Thursday, July 1, 2010

The جديد Neue Helvetica

I was thrilled recently to come across Nadine Chahine's article on touting her new Linotype type face, Neue Helvetica Arabic.

Nadine has already given us Arabic interpretations of Frutiger and Palatino (the later of which, developed with Hermann Zapf, won the Certificate of Excellence in Type Design from the TDC). And I say interpretations because, as Chahine notes herself, "One would think that all one has to do is to import the curves of the Latin into the Arabic script structure and the work is practically done. This is not the case."

I've tackled a few bilingual logos and the process of adapting a Latin-service typeface to suit Arabic letter shapes is more than just matching weights, curves, and the oft-tragic transplantation of serifs. Chahine describes the interpretive process, saying, "Look at what Neue Helvetica does as a typeface, how it functions, what visual message does it carry, and then see how to achieve that function and message in Arabic. It is not about how similar the curves are, but how similar the typefaces function. This is at the heart of multi-script type design .... how would you translate an iconic design into a script that defies neutrality? Is this even possible? To make things more complicated, Arabic calligraphic styles are many and some are more suited for headlines, others for text. Helvetica functions on both platforms so the Arabic needs to do so as well."

This is a tremendous addition to designers working in Arabic script. And while the face is currently only available in three weights—Light, Regular, and Bold—I'm hoping the wide variety of neue weights we've become accustomed to in Latin script follows soon in Arabic.

Oh, and on a purely personal note, I love that Chahine's sample images are the Arabic equivalent or lorem lpsum (ابجد هوّز). FB

Wednesday, January 13, 2010

Ink is Light, Paper is Photography, Calligraphy Becomes Choreography

Our affinity of Arabic calligraphy recently led us to the work of Julien Breton (aka Kalaam), a French artist whose light calligraphy takes the look of modern Arabic calligraphy and sets it, through time lapse photography, in front of dramatic backdrops. And while not authentic Arabic calligraphy–Breton uses an original Latin-based alphabet in a semetic style–his technique both evokes the best of modern Arabic calligraphists, such as Hassan Massoudy, Western graffiti and digital arts. And the best part, Breton's images are made without digital special effects.

According to Breton, "The principle is simple: The camera, placed on a tripod, takes a photograph in a 'Big Break.' This means that photography can last from 30 seconds to several tens of minutes depending on the brightness of the place. The same principle used by photographers to photograph the streaks of headlights of cars. During this long pause, I build calligraphy using lamps of different shapes and color, using the setting as 'a backdrop.'"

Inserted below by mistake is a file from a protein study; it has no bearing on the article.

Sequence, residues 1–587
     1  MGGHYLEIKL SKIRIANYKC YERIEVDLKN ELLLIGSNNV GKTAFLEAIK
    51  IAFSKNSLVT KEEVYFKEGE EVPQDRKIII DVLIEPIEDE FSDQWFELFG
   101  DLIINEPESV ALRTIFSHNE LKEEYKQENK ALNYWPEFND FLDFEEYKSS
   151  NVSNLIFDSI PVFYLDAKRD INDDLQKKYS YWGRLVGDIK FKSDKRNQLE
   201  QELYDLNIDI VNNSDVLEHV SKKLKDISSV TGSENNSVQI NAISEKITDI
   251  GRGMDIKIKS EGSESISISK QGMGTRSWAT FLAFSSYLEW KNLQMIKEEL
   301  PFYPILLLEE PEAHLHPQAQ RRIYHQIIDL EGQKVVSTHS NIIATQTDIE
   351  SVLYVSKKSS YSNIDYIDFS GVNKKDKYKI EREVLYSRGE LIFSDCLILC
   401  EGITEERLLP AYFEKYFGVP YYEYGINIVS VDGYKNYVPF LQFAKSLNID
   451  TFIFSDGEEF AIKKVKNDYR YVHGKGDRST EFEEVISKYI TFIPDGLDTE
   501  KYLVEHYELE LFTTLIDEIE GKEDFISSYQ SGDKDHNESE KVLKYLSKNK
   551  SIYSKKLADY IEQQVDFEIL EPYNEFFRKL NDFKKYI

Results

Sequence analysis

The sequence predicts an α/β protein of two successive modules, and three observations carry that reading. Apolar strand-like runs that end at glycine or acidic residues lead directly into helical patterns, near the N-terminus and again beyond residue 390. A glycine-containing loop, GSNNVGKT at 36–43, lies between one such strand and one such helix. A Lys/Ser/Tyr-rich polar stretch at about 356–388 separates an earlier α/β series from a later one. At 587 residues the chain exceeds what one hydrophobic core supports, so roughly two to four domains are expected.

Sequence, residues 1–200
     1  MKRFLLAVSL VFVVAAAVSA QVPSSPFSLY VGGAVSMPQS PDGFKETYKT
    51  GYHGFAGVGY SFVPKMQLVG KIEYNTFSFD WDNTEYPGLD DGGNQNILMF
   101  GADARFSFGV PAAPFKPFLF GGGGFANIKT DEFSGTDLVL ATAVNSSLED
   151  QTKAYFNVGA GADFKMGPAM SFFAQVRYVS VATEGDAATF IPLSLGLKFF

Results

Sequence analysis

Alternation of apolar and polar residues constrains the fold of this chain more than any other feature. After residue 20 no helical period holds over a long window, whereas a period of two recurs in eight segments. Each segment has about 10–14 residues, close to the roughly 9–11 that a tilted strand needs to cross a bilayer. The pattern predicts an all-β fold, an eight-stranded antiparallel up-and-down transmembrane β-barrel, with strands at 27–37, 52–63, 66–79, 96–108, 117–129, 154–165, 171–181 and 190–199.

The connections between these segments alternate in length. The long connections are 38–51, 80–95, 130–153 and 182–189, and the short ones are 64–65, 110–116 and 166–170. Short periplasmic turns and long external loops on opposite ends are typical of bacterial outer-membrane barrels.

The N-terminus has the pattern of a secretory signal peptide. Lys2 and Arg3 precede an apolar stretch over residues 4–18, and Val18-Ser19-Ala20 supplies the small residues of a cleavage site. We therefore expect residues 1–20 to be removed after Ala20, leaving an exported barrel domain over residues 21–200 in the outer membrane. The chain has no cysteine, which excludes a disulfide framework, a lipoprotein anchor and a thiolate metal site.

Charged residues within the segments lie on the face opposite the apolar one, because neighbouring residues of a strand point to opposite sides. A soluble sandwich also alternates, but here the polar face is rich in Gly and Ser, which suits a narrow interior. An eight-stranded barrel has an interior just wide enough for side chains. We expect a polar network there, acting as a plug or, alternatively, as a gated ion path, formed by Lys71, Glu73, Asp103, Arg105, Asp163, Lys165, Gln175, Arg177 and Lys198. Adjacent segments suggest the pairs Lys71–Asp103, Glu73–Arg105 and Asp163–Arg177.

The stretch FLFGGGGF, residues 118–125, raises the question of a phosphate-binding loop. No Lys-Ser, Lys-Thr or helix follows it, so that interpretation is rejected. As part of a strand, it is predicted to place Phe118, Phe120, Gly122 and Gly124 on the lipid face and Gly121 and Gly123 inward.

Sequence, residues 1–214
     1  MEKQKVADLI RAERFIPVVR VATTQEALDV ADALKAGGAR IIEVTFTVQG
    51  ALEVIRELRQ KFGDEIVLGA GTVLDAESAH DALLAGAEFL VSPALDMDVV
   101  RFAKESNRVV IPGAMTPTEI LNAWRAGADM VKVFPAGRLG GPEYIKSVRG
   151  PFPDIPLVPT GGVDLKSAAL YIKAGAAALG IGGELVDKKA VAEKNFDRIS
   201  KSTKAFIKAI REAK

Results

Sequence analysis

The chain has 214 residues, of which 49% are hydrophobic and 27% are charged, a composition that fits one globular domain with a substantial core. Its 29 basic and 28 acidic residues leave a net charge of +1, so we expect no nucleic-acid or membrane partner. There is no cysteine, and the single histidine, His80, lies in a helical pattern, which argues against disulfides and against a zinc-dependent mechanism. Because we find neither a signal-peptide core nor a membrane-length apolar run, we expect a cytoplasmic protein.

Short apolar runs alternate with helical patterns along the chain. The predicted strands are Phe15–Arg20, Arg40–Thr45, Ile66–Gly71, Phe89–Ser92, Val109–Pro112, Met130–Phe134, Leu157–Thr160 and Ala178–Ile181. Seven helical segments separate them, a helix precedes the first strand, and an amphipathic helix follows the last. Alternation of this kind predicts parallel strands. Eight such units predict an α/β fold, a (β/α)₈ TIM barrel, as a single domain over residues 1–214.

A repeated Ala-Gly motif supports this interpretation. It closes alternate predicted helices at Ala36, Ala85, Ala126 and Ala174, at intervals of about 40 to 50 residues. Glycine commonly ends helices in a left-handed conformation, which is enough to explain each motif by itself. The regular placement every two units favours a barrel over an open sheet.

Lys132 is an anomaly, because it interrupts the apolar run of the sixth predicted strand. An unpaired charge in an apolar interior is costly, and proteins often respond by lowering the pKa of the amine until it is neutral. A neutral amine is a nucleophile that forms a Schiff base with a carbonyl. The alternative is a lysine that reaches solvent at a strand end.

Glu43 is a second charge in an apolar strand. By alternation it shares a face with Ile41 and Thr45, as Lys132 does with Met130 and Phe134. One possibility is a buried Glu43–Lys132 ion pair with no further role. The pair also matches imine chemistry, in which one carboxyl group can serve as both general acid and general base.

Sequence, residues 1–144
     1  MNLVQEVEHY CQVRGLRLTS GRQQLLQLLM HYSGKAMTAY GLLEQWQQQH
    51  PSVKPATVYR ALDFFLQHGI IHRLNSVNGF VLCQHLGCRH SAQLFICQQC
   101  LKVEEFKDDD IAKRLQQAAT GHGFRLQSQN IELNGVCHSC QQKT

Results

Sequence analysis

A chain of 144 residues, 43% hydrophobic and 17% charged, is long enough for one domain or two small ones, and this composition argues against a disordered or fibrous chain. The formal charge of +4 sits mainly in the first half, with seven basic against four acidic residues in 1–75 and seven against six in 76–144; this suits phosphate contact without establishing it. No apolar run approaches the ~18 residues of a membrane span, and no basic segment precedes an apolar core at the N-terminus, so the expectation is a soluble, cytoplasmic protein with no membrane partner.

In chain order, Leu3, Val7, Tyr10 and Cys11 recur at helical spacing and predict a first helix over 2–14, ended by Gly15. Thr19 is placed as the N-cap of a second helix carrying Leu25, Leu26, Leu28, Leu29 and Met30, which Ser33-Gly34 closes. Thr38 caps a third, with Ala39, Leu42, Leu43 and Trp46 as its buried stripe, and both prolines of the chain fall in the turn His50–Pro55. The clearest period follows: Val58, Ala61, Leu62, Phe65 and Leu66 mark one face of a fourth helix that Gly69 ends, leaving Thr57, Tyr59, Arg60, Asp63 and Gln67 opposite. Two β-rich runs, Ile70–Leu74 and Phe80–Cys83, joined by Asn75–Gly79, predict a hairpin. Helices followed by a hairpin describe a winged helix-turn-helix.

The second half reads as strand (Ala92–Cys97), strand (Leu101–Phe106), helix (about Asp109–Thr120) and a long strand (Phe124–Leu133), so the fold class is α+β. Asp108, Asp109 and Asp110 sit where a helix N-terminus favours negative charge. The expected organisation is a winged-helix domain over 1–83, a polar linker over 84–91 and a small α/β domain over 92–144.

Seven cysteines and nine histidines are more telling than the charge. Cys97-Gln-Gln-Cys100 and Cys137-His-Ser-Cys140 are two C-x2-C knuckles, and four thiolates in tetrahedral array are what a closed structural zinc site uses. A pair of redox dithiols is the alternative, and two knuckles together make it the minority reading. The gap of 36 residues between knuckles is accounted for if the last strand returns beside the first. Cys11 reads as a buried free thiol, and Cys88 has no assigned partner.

Breton's light calligraphy requires not only calligraphy skills but also a full range of body language, choreography, and hi-tech exchanges with photographers and video artists. But through patience and skill, Breton and his collaborators can turn almost any backdrop into a canvas, from beautiful landscapes and historic monuments to the sides of buildings or the bare-skinned backs of models in pose. And since early 2009, Breton has worked with Digital Slaves to develop a new process for creating real-time virtual calligraphy.

Enjoy a few samples of Julien Breton's light calligraphy below. And if you're interested in learning more, check out an interview with him about light- and virtual-calligraphy at Ziggy Nixon's blog.

See more examples at Julien Breton's website. FB

Tuesday, January 5, 2010

Bilingual Rebranding

Batelco—the Bahrain Telecommunications Company—is the largest provider of internet, mobile and telephone services in Bahrain, partly because until recently it was a monopoly. And, as first reported on Brand New, Batelco recently updated its identity to reflect both its lead position in a new competitive market and its bilingual reality.

The previous logo was remarkably dull and generic—though perhaps expected for a government-run organization. It also demonstrates some of the typographic limitations that limited multi-lingual works on the English/Arabic divide before the recent explosion of semitic language typefaces.

The previous logo (left) and the new logo (right)

The new logo, in contrast, is remarkably strong and memorable. According to Futurebrand, the designers of this new identity campaign, Batelco's logo evokes "the idea of what you can 'be' with Batelco. Our new identity celebrates Batelco as a Bahraini icon, linking us in colour and with the letter B to our country. The bilingual logo, which reads as both an English and Arabic letter B, also resembles an infinity sign, further communicating Batelco's omnipresence throughout Bahrain."

Additionally, we love that the logo's shape is clearly evocative of the island country's shape, including the Hawar Islands off the southeast coast.

Have a look at the new logo in the wild. FB

(ref: Brand New "To Batelco and Beyond")